4
$\begingroup$

I'm preparing for an exam, and one of the review problems is to sort functions by order of growth, and this was the only summation in it. I know that

$$\sum \limits_{i=1}^n i^2 = \frac{n(n+1)(2n+1)}{6},$$

But what if I did not know the closed form? How, then, would I prove

$$\sum \limits_{i=1}^n i^2 \in \Theta (n^3).$$

$\endgroup$
  • 3
    $\begingroup$ Note that the hard part is showing $\sum_{i=1}^n i^2 \geq c n^3$, since trivially: $\sum_{i=1}^n i^2 \leq n \cdot n^2 = n^3$ (bounding the sum by its largest term times the number of terms). $\endgroup$ – JavaMan Dec 11 '11 at 21:46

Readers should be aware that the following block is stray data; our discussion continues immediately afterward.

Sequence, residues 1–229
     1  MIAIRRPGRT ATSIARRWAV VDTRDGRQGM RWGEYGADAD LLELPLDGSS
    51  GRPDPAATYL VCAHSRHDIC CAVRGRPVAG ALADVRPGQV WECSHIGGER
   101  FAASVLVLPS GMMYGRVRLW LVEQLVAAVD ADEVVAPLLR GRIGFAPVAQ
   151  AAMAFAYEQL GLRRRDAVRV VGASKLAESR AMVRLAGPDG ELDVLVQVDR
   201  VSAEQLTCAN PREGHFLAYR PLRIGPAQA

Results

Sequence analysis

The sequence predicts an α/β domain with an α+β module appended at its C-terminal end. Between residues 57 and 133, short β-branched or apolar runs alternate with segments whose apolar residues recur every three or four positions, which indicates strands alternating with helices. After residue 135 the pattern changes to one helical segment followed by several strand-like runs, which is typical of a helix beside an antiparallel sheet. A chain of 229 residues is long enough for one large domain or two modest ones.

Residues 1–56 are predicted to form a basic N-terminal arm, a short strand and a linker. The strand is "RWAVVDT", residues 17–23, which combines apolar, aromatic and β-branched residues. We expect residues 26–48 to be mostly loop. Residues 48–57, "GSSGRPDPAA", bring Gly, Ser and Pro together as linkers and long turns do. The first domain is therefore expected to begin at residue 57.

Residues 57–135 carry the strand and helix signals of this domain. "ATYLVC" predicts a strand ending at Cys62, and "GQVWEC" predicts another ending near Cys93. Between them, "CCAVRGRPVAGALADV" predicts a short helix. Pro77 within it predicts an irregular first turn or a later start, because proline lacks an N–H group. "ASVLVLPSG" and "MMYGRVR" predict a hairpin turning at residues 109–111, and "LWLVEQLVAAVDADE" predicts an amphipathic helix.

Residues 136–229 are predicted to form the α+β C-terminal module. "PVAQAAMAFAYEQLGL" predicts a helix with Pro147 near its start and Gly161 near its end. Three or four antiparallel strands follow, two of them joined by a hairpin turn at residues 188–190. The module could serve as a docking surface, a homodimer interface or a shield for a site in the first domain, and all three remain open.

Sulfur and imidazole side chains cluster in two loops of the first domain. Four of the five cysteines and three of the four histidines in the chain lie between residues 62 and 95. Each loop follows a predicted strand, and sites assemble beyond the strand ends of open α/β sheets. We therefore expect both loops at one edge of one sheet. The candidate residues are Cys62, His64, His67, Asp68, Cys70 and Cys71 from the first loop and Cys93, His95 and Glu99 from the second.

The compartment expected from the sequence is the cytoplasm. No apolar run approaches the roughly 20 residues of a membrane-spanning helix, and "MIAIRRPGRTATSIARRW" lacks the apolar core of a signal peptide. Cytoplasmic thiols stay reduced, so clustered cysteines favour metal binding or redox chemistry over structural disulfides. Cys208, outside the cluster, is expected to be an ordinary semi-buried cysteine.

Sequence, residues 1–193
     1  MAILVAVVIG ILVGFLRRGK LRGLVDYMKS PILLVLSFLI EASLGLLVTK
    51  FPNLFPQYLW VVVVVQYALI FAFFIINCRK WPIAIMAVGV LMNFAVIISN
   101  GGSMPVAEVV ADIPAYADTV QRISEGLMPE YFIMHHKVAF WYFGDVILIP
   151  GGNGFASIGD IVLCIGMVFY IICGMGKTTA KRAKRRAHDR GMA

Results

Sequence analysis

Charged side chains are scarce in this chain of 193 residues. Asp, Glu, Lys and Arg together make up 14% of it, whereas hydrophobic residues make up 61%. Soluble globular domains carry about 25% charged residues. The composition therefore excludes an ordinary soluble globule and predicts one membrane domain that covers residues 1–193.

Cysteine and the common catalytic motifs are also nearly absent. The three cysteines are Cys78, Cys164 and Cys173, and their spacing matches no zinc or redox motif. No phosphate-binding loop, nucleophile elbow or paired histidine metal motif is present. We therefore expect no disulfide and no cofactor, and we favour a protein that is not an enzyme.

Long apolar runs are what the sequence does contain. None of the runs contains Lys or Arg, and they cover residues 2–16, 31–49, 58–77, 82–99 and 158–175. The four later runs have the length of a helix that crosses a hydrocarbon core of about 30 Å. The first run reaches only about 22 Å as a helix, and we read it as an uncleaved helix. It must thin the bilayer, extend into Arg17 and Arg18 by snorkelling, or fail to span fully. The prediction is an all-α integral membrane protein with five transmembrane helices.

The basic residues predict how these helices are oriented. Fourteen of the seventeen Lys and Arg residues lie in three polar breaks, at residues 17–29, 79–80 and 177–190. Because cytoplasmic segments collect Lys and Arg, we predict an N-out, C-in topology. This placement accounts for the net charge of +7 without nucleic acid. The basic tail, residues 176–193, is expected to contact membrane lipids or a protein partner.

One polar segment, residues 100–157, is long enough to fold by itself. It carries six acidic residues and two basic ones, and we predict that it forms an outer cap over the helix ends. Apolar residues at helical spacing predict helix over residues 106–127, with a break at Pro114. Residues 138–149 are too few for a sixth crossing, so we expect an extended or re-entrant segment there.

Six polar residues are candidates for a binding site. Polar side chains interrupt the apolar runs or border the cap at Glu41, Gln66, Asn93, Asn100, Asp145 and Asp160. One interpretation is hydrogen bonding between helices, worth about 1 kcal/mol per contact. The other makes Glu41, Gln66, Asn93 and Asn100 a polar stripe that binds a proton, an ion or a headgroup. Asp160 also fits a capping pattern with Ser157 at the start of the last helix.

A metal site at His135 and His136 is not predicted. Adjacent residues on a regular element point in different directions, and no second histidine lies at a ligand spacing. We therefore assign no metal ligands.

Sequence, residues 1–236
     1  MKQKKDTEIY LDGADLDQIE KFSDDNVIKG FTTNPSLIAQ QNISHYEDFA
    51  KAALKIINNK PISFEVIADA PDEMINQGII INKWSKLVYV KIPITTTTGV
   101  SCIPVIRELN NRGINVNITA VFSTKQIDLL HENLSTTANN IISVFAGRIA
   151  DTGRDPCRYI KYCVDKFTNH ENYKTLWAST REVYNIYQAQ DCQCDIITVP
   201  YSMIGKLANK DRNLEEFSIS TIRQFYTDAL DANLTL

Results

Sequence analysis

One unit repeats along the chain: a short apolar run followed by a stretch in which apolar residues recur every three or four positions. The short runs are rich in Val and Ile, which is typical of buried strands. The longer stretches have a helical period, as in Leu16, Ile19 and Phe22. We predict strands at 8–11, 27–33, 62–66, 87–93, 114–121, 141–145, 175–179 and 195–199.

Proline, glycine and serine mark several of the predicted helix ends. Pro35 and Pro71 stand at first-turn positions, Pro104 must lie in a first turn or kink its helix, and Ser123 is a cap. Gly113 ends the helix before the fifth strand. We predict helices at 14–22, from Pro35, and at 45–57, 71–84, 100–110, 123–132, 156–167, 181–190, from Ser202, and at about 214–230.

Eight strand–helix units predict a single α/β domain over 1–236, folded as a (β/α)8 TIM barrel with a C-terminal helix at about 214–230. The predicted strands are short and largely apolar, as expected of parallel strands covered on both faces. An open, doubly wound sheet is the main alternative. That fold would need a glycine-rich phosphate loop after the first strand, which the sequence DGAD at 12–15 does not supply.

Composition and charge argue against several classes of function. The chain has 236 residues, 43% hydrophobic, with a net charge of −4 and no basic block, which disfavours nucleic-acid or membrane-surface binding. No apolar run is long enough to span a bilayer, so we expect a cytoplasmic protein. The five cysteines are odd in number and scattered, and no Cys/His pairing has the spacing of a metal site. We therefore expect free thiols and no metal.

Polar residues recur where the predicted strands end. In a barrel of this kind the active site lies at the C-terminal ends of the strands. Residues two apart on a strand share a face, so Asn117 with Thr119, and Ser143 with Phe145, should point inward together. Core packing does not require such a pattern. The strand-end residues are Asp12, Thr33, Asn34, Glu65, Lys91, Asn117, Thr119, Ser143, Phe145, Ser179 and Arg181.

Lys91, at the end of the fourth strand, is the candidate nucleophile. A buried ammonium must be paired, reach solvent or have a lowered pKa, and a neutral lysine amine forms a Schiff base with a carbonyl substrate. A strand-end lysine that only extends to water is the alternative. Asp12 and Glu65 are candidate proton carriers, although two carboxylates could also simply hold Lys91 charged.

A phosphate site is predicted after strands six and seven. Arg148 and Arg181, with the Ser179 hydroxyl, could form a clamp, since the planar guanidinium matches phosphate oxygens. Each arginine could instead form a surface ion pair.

• 2
    $\begingroup$ Well, $\sum_{i=1}^n i^2 \leq n \cdot n^2$ (trivially) and $\sum_{i=1}^n i^2 \geq \frac{n}{2} \cdot (n/2)^2$ by taking the last half of the series. $\endgroup$ – cardinal Dec 11 '11 at 21:48
  • 1
    $\begingroup$ Hint: compare with the integral of x^2 $\endgroup$ – Bruno Joyal Dec 11 '11 at 21:49
8
$\begingroup$

There is a trick to compute easily the growth of such a sum at first order. Indeed, we have :

$$\frac{1}{n^3} \sum_{i=1}^n i^2 = \frac{1}{n} \sum_{i=1}^n \left(\frac{i}{n}\right)^2,$$

which is a Riemann sum for the function $x \to x^2$ on $[0,1]$. Hence :

$$\lim_{n \to + \infty} \frac{1}{n^3} \sum_{i=1}^n i^2 = \int_0^1 x^2 dx = \frac{1}{3}.$$

Not only does this answer your problem, but it also gives you an asymptotic equivalent of the series.

$\endgroup$

Your Answer

By clicking “Post Your Answer”, you agree to our terms of service, privacy policy and cookie policy

Not the answer you're looking for? Browse other questions tagged or ask your own question.